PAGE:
• How-To Set Up A Serial Console On Debian
  • How-To Set Up A Serial Console Client
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More in Tux Machines

Security Leftovers

  • Security updates for Thursday
  • Security Tips for Installing Linux on Your SysAdmin Workstation
    Once you’ve chosen a Linux distro that meets all the security guidelines set out in our last article, you’ll need to install the distro on your workstation.
  • Fedora 26 crypto policy Test Day today (2017-03-30)!
  • Open-source developers targeted in sophisticated malware attack
    For the past few months, developers who publish their code on GitHub have been targeted in an attack campaign that uses a little-known but potent cyberespionage malware. The attacks started in January and consisted of malicious emails specifically crafted to attract the attention of developers, such as requests for help with development projects and offers of payment for custom programming jobs. The emails had .gz attachments that contained Word documents with malicious macro code attached. If allowed to execute, the macro code executed a PowerShell script that reached out to a remote server and downloaded a malware program known as Dimnie.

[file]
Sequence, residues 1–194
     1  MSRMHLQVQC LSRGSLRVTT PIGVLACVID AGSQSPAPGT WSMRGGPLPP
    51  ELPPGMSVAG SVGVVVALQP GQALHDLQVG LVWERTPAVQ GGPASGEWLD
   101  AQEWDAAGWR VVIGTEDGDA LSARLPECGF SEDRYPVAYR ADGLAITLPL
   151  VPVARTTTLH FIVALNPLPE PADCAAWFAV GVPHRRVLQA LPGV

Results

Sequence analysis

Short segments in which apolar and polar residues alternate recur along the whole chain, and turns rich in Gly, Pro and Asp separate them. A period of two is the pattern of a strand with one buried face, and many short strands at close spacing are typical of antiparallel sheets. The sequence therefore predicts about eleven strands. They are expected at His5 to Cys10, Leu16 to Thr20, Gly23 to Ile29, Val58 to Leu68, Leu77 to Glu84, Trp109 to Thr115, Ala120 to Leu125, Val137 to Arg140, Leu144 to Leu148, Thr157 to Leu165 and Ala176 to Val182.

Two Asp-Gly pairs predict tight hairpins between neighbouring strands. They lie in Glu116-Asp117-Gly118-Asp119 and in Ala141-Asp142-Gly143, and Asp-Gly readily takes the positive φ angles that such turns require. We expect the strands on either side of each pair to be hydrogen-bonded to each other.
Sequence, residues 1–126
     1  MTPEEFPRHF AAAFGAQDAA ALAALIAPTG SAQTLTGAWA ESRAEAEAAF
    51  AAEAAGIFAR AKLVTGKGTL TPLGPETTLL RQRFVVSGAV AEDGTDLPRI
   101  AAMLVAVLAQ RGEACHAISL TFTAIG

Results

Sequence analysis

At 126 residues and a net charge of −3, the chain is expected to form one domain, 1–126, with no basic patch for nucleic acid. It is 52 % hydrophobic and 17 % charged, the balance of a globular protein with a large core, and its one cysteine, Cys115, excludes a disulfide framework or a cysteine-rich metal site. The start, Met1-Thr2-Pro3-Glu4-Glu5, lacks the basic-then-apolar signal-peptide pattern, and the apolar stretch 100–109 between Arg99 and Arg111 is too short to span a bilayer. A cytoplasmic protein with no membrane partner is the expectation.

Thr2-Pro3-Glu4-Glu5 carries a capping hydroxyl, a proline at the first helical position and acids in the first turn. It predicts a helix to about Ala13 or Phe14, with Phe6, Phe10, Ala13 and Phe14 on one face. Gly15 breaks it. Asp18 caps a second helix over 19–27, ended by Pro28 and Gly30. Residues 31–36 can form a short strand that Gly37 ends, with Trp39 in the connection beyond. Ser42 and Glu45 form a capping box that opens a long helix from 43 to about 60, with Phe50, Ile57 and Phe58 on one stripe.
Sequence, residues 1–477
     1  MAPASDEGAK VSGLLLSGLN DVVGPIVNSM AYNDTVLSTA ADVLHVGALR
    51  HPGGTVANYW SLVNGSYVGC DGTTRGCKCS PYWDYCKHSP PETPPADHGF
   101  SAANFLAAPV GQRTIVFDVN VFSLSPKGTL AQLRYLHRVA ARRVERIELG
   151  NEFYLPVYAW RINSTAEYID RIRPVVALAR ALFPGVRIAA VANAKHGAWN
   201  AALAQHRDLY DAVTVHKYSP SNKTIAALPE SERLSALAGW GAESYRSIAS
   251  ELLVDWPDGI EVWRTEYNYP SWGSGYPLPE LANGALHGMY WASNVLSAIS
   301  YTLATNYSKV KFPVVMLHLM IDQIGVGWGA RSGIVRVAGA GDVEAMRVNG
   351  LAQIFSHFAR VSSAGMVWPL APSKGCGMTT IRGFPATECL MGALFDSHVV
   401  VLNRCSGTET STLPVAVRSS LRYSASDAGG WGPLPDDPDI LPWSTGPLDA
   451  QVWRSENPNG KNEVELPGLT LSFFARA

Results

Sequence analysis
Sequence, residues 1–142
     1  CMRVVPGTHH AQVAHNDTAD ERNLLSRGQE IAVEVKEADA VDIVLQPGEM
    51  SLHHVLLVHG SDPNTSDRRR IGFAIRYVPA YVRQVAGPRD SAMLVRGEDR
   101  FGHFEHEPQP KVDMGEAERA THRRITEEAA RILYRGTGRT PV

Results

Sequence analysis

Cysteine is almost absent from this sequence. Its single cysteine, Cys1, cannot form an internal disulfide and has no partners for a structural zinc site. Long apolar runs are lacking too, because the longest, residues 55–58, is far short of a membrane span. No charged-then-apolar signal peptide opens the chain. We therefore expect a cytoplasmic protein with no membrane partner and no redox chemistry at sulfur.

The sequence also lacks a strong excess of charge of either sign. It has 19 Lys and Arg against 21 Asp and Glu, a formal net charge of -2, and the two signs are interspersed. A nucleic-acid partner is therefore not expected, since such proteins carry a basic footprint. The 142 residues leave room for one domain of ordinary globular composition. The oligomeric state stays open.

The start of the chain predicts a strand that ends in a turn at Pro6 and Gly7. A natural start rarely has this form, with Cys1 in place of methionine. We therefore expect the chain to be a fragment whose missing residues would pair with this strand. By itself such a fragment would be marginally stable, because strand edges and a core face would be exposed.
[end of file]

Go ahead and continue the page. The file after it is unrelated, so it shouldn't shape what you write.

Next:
• A scramble at Cisco exposes uncomfortable truths about U.S. cyber defense
    When WikiLeaks founder Julian Assange disclosed earlier this month that his anti-secrecy group had obtained CIA tools for hacking into technology products made by U.S. companies, security engineers at Cisco Systems (CSCO.O) swung into action. The Wikileaks documents described how the Central Intelligence Agency had learned more than a year ago how to exploit flaws in Cisco's widely used Internet switches, which direct electronic traffic, to enable eavesdropping. Senior Cisco managers immediately reassigned staff from other projects to figure out how the CIA hacking tricks worked, so they could help customers patch their systems and prevent criminal hackers or spies from using the same methods, three employees told Reuters on condition of anonymity.